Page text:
In the first week of this year’s Black History Month, the Consumer Financial Protection Bureau (CFPB) announced that it has reached a settlement with Toyota Motor Credit, which will result in the finance company paying up to $21.9 million in restitution to affected borrowers. Toyota Motor Credit’s past practices resulted in thousands of borrowers of color paying higher interest rates than white borrowers. The company will also change its lending practices to reduce discrimination, and submit to additional oversight to monitor for potential future discriminatory impact.
CRL Executive Vice President Chris Kukla released the following statement:
The terms of the settlement continue to move in the right direction. However, dealer discretion to mark up interest rates remains an unfair and hidden practice with continued potential for discrimination. The only effective way to completely eliminate the discriminatory impact and the unfairness of hidden dealer interest rate markups is to end the practice altogether.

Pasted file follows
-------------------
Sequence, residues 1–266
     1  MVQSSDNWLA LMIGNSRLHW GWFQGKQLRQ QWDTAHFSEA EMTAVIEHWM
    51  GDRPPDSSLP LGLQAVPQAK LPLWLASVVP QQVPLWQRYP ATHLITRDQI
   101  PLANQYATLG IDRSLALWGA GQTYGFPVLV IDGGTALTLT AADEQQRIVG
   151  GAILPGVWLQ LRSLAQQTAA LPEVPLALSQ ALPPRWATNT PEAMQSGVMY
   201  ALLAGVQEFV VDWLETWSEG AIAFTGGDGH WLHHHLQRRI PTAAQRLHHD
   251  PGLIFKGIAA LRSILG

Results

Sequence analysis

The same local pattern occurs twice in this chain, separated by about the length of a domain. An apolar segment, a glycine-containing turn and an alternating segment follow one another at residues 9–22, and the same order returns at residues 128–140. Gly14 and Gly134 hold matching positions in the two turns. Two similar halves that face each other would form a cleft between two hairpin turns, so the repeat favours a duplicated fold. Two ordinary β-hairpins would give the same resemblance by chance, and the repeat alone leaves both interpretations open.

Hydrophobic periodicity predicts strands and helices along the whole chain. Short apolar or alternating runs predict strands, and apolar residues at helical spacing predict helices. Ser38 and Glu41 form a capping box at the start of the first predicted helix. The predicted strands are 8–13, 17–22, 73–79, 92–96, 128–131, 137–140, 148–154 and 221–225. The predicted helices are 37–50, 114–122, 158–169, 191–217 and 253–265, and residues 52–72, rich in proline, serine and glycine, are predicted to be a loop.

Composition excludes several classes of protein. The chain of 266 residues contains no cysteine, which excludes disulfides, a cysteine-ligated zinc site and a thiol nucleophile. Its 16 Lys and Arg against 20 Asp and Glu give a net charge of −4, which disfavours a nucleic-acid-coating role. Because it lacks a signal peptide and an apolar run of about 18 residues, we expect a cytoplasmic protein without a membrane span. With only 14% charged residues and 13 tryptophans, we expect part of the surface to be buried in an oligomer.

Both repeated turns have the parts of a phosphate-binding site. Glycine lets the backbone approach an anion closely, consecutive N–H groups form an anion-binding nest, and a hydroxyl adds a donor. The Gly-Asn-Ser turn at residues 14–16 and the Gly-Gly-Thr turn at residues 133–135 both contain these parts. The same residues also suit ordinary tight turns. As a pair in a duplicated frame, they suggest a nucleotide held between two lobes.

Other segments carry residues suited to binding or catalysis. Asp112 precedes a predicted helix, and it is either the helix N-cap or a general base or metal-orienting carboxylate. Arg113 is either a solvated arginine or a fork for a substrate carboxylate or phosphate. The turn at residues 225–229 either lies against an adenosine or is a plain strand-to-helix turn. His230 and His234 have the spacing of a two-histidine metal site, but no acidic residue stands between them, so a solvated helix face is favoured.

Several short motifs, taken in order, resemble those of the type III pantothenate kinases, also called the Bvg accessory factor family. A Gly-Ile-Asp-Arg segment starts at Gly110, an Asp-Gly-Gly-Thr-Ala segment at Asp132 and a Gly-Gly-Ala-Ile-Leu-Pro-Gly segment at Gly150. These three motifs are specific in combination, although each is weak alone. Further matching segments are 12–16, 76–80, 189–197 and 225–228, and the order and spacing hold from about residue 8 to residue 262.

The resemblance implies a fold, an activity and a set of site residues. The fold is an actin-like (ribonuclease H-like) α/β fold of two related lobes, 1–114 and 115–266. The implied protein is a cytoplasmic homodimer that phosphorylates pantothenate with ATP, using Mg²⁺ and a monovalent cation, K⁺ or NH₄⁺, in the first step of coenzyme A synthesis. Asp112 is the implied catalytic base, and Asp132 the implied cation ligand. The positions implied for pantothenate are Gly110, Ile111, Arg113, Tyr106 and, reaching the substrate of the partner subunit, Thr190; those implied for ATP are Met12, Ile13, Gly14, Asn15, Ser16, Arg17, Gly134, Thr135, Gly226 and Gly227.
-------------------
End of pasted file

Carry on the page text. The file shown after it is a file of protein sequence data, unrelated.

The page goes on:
Law enforcement must continue to vigilantly and swiftly act when they uncover discriminatory or unfair lending as they have done with other enforcement actions. The recent news that Ally paid an additional $38 million in restitution to compensate borrowers harmed after Ally’s settlement with the Consumer Financial Protection Bureau and the Department of Justice shows that the issue of discrimination due to car dealer interest rate markup is real and needs to end.
For more information, or to arrange an interview with a CRL expert on auto lending, please contact Charlene Crowell at email@example.com or 919.313.8523
How dealer interest rate markups work in practice: A lender approves a 5% interest rate loan for a consumer, but allows the dealer to add additional interest. The dealer adds 2%, tells the consumer she qualified for a loan at 7% and pockets most of the difference. The consumer never knows she qualified for a lower rate. Borrowers of color see their loans marked up more often and by a greater percentage than their white counterparts, even when credit scores and other variables are comparable.